Self-hosted Git Repositories with Gitea

Github is arguably the most popular git hosting service out there, and it's easy to see why: it's free (for open source projects), it's powerful, and because it's already familiar, it's easy to get a new project up and running without much hustle. Moreover, ever since Github's acquisition by Microsoft, I have noticed a growing effort to deliver a full-featured CI/CD solution. Microsoft's investment also seems to ensure the platform's longevity and stability. But this change in ownership has a flip side, too. We all remember Microsoft's hostile attitude towards both Linux and open source, and, despite their recent claims of the newfound love and appreciation for both, there is a fair share of skepticism in the community, and therefore much reluctance to put their code on Github.

Of course, there are alternatives. Probably the biggest contender to Github is GitLab, which is used by quite a number of open source projects, such as GNOME, Inkscape, and mutt to name a few. It is offered both as a paid service (although limited free tier is available for open source projects) and a self-hosted application. Interestingly, the latter comes in two flavors: free Community Edition (missing certain features), distributed under the MIT license, and Enterprise Edition, distributed under a proprietary license (even though the code is openly available). But if you read the title of this post carefully, then you know this is not about GitLab. Instead, I will talk about another git hosting platform. Gitea, as stated on their official website, is a community managed lightweight code hosting solution, and is published under the MIT license. I decided to try it out and write down my experience with setting it up for personal my use.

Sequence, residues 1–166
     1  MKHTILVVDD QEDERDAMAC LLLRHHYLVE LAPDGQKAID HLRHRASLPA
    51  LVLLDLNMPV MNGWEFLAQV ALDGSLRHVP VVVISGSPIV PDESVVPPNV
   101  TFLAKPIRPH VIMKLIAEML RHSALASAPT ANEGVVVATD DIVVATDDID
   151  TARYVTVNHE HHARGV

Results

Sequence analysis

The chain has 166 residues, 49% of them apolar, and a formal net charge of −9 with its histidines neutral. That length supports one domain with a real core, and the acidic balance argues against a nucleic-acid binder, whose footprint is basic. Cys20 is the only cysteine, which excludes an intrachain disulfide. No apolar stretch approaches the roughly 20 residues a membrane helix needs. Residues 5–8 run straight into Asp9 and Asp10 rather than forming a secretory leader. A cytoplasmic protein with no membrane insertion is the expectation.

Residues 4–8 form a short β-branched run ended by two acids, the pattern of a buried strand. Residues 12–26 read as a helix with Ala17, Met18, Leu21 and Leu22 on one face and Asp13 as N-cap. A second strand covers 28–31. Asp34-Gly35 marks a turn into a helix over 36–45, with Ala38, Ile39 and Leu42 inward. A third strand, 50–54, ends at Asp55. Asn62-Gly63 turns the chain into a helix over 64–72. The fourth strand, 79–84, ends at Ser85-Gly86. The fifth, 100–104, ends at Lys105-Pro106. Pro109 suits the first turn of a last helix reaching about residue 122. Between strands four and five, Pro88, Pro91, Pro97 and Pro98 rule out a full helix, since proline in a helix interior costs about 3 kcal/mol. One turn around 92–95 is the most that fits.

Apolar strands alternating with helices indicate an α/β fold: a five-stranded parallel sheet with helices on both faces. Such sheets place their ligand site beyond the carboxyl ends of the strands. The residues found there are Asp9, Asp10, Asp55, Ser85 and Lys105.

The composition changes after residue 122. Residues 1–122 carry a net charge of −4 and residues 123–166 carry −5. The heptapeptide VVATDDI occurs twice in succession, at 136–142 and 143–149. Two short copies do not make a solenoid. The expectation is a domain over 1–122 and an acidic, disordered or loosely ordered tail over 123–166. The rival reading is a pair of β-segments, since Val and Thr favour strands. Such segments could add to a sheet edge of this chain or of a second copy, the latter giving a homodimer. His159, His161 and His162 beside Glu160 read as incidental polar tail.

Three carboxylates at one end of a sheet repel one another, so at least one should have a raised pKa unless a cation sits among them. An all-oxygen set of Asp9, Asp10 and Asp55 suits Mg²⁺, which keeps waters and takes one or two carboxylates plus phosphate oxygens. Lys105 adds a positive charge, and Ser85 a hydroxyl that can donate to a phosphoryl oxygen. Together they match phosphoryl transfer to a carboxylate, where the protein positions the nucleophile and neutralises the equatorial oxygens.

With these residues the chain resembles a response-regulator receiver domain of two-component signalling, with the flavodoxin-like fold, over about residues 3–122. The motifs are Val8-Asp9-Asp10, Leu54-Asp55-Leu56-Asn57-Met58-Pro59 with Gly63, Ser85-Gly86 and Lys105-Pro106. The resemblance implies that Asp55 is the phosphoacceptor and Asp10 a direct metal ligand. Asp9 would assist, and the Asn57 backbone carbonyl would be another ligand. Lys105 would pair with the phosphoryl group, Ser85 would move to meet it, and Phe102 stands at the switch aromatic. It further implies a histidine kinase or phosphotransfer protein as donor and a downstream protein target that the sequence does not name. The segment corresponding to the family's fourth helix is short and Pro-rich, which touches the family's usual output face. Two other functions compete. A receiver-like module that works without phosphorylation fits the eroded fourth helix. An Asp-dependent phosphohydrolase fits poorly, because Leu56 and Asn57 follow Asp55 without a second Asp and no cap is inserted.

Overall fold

Keywords: git gitea digitalocean https

Protobuf code generation in Rust

Today, I learned how to correctly use Cargo build scripts. Or, more precisely, I learned how to do one particular thing correctly, but it was significant enough for me that I decided write it down. Of course, had I read the Cargo Book more carefully before, I would have saved myself some time, and there would be no dramatic revelation, and no reason to write this post either. I guess what I am trying to say is: thank goodness my reading sucks.

Keywords: cargo build scripts code generation